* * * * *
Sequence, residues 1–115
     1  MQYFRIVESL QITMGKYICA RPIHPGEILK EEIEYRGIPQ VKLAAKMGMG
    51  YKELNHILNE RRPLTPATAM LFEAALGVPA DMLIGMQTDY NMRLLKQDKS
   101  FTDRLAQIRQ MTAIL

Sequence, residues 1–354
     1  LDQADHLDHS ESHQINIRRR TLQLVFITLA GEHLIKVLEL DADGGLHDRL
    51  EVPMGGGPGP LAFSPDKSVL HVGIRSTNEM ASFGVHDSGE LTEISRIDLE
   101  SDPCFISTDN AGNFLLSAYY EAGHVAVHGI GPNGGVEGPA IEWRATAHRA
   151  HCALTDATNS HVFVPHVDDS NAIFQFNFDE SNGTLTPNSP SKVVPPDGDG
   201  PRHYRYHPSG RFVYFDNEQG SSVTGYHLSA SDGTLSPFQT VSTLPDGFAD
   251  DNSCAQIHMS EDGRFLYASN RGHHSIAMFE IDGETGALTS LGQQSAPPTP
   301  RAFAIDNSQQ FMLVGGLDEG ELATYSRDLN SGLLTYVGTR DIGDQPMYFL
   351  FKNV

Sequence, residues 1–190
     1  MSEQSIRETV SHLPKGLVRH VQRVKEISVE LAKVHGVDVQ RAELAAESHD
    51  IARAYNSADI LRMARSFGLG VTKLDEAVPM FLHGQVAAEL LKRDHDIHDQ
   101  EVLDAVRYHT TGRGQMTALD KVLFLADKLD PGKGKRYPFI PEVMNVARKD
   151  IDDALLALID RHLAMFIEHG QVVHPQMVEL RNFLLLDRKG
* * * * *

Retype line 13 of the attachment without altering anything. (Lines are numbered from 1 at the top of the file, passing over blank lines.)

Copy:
   351  FKNV